The Man Behind the Vest: An interview with our resident party critic, Jake Hausthor
By Nick Hennessy
Elusive. Omniscient. Judgmental. Who is he? Vest Guy. In the spring of 2017, third-year student Jake Hausthor became the Roger Ebert of Bennington’s nightlife. Hausthor writes measured, detailed—sometimes sassy—reviews of each and every weekend party, published on a Facebook page, “Vest Guy Party Analytics” I sat down with the controversial critic to talk about music, vibes, flocks of incoming freshmen, and whether or not there’s any hope for Third Street…
NH: How did you come up with the moniker “Vest Guy?”
JH: I’m a guy who wears a lot of vests. Really not that complicated.
NH: How did you come up with the idea for the page?
JH: I’ve been writing party analysis since I got to Bennington, but I only started doing it publicly this term. I grew up home-schooled, I wasn’t really a party animal. The first party I went to was Gender Blender 2015. Extremely good party, I decided, “Okay, maybe I should go to some more.” When I go to parties, I just sit in the corner and watch things. I realized, “Hey, I really enjoy doing this.” One of my friends liked my observations and told me, “Hey, you should do this publicly, get people to think differently about the parties here.”
NH: You’re very specific and technical about your rating process. In layman’s terms, what makes a good party?
JH: The main one for me, as a music student, is the music. If I can’t vibe with it, what’s the point? The biggest room is the dance room. The vibe is important, too: is this a friendly place where you can let your hair down? Some houses have it, some don’t. Themes aren’t actually that important, it’s just good for advertising. I kind of wish people would do more with themes, but I’m not sure how aside from costumes. Gender Blender: everyone gets dolled up, I bust out my corset. But most parties don’t do that. And it’s hard to execute some of these themes—for example, “Otter Rescue” at PB last term. The theme was fun, cute, but how much can you do with it? Ultimately, though, the theme isn’t the most important factor. But it does help.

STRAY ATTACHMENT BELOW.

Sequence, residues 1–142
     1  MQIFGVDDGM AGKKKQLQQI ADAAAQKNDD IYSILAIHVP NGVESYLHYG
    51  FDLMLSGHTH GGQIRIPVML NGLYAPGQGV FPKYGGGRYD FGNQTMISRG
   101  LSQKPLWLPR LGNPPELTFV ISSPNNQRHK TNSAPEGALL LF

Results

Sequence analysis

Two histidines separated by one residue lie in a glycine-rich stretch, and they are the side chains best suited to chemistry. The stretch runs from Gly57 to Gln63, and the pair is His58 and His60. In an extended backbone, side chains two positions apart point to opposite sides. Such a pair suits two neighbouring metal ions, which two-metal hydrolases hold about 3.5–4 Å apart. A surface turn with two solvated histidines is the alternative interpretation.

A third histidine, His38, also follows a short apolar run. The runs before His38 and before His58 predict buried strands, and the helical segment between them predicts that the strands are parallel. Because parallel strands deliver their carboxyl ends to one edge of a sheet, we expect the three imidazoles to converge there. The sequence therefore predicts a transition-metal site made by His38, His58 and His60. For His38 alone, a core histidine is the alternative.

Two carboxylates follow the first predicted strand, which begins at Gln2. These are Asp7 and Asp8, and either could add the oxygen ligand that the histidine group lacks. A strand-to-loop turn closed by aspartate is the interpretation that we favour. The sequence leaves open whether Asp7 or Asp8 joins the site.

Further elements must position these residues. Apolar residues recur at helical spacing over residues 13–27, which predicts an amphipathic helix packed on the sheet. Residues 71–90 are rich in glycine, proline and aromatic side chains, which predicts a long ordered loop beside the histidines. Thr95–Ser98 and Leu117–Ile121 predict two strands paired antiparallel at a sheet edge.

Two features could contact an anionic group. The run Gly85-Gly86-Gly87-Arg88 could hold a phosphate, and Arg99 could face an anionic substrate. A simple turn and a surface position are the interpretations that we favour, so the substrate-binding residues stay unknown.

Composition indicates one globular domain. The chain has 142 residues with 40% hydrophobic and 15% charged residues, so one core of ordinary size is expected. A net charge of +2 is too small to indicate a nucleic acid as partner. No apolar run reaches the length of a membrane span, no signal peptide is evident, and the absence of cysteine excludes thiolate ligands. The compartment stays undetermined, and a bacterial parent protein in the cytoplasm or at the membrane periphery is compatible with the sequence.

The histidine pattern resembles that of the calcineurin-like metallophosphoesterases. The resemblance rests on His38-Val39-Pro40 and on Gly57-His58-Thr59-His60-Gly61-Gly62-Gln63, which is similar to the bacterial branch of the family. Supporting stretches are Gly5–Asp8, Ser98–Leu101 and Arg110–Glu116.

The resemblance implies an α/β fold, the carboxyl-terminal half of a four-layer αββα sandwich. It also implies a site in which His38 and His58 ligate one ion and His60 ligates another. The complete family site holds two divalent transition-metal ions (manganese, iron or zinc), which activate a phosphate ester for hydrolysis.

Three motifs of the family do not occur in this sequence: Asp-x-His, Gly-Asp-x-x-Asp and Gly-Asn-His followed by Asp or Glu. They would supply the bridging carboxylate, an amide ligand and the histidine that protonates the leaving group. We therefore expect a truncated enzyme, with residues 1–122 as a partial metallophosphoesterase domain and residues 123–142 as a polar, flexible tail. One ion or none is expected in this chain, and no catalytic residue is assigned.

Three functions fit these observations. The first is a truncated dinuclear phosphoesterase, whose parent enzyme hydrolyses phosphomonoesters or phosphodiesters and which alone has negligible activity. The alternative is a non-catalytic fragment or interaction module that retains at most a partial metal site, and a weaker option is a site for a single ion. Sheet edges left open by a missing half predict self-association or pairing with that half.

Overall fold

NH: Do you ever get worried if a house is miffed about a negative review?
JH: Short answer: no. I can argue my points pretty clearly, but I don’t pretend to be unbiased. I’m just some nerdy white guy in the corner—you can take my criticism or leave it. Some houses don’t like me, others—Canfield, for example—actually take my feedback seriously and try to improve. Kilpat, I can’t really evaluate. Some houses like Stokes do stuff I don’t necessarily like, but that’s my personal taste. I’m not a professional, it’s just my opinion. I like hearing differing opinions, too. I’m not always the target audience. I talk to people at parties more now to see what they think.
NH: Popular opinion dictates that the best parties happen at colonials because of the layout—bigger dance floors, more room, etc. Is the Third Street situation hopeless?
JH: It’s not. Third Street is actually middle-of-the-path right now. You can try exploring the space in different ways. You can do different things on different floors. Second floor common rooms are kind of nifty, you can do something with that. There’s a lot that can be done there, it just takes more creativity than a colonial. Fels is currently doing well because they know what they’re doing. They don’t try to squeeze everyone in the common room.
NH: Are you going to continue reviewing as “Vest Guy” next term?
JH: Yes. Now that I’m going into senior year, I’m starting to look for a replacement. I don’t know who yet. I’ll be looking at the flocks of incoming freshmen. If I don’t find anyone, I’ll let it die after I graduate. We’ll see what happens.